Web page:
The National: Hornsea One offshore wind farm, 174  7 MW turbines, total capacity of 1,2 GW, area 407 km2, 120 km to Yorkshire coast, UK.

Wind energy already supplies almost all of Scotland's domestic electricity needs, and the country has the capacity to produce several times more than its needs, creating a huge surplus for export. As well as wind, Scotland also has a massive potential for tidal energy production, a potential which as yet remains largely untapped. Although there have been arguments about the exact amount of energy Scotland is capable of producing from renewables, these arguments centre on the amount of the surplus Scotland can generate for export, whether that surplus is merely huge, or whether it is immense. Even the staunchest opponents of independence have to concede that Scotland can easily generate its own energy needs from renewables and have a considerable surplus for export.

Scotland had a massive windfall from oil and gas, a windfall which was squandered by successive Westminster governments even as they told Scots that their country was an economic basket case dependent upon the kindness and charity of the UK. We now have a second chance with renewable energy, it would be a crime to allow Westminster to squander Scotland's resources again, and to rob another generation of Scots of their future as the generation of the 70s and 80s was robbed.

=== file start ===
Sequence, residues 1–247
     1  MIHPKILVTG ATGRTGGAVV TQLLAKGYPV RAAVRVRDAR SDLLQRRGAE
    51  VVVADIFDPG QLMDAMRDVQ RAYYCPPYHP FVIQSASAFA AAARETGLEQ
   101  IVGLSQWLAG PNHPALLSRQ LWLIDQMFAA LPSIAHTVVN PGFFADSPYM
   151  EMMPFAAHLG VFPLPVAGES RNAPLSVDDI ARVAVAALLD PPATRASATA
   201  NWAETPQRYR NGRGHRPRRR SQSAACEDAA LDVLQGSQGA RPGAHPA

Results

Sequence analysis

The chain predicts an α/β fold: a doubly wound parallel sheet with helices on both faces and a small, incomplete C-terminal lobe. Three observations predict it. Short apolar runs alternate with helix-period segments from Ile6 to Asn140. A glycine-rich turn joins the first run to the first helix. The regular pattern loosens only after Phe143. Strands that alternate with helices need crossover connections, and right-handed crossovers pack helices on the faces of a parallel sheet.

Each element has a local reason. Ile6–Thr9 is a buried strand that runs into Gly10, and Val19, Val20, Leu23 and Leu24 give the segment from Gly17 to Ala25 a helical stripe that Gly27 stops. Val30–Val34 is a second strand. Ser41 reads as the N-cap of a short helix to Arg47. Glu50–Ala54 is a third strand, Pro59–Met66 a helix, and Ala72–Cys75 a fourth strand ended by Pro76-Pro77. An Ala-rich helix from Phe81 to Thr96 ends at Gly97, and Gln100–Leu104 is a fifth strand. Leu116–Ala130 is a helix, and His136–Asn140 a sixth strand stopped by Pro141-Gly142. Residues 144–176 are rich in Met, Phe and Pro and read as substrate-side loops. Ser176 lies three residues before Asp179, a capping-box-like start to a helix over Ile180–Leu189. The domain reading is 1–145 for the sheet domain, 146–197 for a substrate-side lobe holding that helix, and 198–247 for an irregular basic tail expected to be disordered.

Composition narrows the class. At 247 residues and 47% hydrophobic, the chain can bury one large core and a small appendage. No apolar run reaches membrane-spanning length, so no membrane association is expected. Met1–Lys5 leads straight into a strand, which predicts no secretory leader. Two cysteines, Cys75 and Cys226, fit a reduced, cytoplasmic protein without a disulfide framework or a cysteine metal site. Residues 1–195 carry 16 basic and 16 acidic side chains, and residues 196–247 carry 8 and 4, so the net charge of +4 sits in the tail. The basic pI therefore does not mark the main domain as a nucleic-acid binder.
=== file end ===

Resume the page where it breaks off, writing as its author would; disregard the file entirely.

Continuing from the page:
Somewhere in the bowels of Westminster there might possibly be a 21st century McCrone Report about Scotland's renewable wealth. If such a report existed, we can be sure that the Conservatives would try to keep it a secret just as they kept the McCrone Report a secret, because now as then, they don't want Scots to know about the wealth and potential of Scotland, they want to keep that wealth for themselves and maintain the myth that Scotland depends on Westminster's largesse.

This piece is an extract from today’s REAL Scottish Politics newsletter, which is emailed out at 7pm every weekday with a round-up of the day's top stories and exclusive analysis from the Wee Ginger Dug.